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Bioinformatics. 2005 Jun;21 Suppl 1:i495-501.

Classifying noisy protein sequence data: a case study of immunoglobulin light chains.

Author information

1
Argonne National Laboratory 9700 S. Cass Avenue, Argonne, IL 60439, USA. cyu@bioanalysis.org

Abstract

The classification of protein sequences obtained from patients with various immunoglobulin-related conformational diseases may provide insight into structural correlates of pathogenicity. However, clinical data are very sparse and, in the case of antibody-related proteins, the collected sequences have large variability with only a small subset of variations relevant to the protein pathogenicity (function). On this basis, these sequences represent a model system for development of strategies to recognize the small subset of function-determining variations among the much larger number of primary structure diversifications introduced during evolution. Under such conditions, most protein classification algorithms have limited accuracy. To address this problem, we propose a support vector machine (SVM)-based classifier that combines sequence and 3D structural averaging information. Each amino acid in the sequence is represented by a set of six physicochemical properties: hydrophobicity, hydrophilicity, volume, surface area, bulkiness and refractivity. Each position in the sequence is described by the properties of the amino acid at that position and the properties of its neighbors in 3D space or in the sequence. A structure template is selected to determine neighbors in 3D space and a window size is used to determine the neighbors in the sequence. The test data consist of 209 proteins of human antibody immunoglobulin light chains, each represented by aligned sequences of 120 amino acids. The methodology is applied to the classification of protein sequences collected from patients with and without amyloidosis, and indicates that the proposed modified classifiers are more robust to sequence variability than standard SVM classifiers, improving classification error between 5 and 25% and sensitivity between 9 and 17%. The classification results might also suggest possible mechanisms for the propensity of immunoglobulin light chains to amyloid formation.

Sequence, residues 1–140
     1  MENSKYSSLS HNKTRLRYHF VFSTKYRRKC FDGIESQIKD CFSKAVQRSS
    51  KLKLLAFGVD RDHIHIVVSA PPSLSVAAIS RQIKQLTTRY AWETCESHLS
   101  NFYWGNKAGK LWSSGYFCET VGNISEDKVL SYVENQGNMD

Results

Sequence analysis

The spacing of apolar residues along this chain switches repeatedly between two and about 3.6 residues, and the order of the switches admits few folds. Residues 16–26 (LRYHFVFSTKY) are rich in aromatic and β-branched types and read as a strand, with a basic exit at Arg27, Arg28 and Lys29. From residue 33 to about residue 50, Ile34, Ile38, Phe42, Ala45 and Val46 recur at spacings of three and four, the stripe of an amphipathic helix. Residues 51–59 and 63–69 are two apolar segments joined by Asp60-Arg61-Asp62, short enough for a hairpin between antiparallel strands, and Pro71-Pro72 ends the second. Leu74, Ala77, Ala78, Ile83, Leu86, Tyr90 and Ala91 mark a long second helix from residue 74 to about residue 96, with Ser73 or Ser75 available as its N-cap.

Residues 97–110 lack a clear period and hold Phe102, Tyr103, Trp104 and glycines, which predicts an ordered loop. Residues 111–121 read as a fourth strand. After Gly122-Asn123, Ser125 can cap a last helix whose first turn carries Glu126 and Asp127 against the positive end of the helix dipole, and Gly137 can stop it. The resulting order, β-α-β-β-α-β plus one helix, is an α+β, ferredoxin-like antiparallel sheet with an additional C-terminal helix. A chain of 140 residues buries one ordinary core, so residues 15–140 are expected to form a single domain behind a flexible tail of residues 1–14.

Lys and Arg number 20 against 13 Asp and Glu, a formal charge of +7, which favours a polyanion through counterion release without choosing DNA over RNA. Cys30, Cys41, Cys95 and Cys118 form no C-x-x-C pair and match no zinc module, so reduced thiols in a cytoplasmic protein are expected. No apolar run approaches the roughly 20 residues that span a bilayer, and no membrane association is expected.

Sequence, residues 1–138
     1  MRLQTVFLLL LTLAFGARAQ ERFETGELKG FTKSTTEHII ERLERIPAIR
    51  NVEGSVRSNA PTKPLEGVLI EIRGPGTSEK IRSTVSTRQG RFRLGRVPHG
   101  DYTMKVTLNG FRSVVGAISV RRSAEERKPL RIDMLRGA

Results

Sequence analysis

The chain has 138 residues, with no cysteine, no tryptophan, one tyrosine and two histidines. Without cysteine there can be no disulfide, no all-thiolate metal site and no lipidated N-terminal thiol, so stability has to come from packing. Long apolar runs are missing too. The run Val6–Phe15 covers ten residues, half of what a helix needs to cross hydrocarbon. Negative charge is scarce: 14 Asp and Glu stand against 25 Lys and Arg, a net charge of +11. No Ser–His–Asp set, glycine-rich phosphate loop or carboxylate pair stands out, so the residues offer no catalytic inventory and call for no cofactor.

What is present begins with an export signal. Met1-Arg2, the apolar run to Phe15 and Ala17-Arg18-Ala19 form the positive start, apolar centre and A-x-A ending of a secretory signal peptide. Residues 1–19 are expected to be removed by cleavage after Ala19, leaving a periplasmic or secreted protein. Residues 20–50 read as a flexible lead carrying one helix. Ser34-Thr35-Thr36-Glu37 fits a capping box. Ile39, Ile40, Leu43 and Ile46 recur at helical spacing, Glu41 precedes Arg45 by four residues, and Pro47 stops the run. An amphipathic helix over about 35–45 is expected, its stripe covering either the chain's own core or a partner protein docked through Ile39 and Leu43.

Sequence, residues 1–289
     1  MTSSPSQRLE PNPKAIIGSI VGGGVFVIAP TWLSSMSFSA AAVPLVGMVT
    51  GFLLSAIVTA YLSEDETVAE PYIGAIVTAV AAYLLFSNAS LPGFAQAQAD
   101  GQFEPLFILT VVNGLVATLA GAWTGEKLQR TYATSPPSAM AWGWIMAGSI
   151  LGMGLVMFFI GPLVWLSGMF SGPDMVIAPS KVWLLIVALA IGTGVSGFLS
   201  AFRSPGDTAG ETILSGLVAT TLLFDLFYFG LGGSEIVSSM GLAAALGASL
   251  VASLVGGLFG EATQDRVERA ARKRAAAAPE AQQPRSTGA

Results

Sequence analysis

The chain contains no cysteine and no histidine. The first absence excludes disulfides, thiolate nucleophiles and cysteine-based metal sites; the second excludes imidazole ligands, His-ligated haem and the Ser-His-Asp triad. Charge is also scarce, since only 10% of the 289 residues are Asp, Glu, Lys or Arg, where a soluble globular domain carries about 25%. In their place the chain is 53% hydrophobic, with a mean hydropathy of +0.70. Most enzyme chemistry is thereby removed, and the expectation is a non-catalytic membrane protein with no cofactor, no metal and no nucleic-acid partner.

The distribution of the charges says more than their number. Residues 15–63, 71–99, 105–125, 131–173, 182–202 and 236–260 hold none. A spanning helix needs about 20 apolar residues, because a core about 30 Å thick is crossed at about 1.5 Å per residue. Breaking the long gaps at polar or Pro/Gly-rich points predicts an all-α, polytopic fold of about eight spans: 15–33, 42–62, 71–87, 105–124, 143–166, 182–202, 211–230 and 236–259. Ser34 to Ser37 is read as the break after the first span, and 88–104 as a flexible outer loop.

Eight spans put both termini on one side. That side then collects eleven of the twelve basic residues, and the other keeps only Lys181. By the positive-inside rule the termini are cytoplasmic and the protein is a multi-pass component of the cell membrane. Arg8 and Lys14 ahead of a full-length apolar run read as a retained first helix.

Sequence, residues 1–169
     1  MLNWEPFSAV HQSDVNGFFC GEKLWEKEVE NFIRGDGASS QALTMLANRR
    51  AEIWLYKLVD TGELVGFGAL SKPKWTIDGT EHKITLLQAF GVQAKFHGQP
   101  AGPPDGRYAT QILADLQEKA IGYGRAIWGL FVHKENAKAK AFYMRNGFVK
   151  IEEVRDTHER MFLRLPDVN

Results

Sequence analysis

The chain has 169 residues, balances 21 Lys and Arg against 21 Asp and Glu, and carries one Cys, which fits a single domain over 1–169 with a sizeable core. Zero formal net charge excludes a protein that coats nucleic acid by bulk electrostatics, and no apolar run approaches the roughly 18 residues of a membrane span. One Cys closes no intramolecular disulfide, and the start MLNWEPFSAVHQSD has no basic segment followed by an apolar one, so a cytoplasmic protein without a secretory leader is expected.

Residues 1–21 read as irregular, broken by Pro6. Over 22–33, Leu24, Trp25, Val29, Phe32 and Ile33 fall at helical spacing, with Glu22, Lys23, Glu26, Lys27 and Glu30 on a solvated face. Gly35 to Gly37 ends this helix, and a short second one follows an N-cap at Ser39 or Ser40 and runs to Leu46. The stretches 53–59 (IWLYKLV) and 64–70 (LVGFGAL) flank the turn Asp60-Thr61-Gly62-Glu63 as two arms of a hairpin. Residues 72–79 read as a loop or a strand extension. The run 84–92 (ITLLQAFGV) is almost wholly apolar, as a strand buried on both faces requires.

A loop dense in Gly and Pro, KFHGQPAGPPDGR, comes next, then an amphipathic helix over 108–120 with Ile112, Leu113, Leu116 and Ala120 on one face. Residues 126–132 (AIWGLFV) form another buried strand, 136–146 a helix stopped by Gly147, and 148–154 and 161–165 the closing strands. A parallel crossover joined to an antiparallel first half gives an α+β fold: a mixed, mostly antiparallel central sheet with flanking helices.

PMID:
15961496
DOI:
10.1093/bioinformatics/bti1024
[Indexed for MEDLINE]

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